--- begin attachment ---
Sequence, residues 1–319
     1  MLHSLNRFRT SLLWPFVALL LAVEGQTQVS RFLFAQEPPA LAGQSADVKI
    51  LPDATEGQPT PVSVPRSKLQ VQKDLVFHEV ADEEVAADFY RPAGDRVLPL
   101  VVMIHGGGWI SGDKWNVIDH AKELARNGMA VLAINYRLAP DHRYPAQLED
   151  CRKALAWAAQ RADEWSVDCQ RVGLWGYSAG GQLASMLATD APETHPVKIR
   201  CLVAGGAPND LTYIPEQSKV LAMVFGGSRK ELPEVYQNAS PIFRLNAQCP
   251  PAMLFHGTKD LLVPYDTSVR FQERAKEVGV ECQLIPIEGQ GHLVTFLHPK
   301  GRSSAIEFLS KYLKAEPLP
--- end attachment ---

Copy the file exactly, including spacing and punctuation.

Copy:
Sequence, residues 1–319
     1  MLHSLNRFRT SLLWPFVALL LAVEGQTQVS RFLFAQEPPA LAGQSADVKI
    51  LPDATEGQPT PVSVPRSKLQ VQKDLVFHEV ADEEVAADFY RPAGDRVLPL
   101  VVMIHGGGWI SGDKWNVIDH AKELARNGMA VLAINYRLAP DHRYPAQLED
   151  CRKALAWAAQ RADEWSVDCQ RVGLWGYSAG GQLASMLATD APETHPVKIR
   201  CLVAGGAPND LTYIPEQSKV LAMVFGGSRK ELPEVYQNAS PIFRLNAQCP
   251  PAMLFHGTKD LLVPYDTSVR FQERAKEVGV ECQLIPIEGQ GHLVTFLHPK
   301  GRSSAIEFLS KYLKAEPLP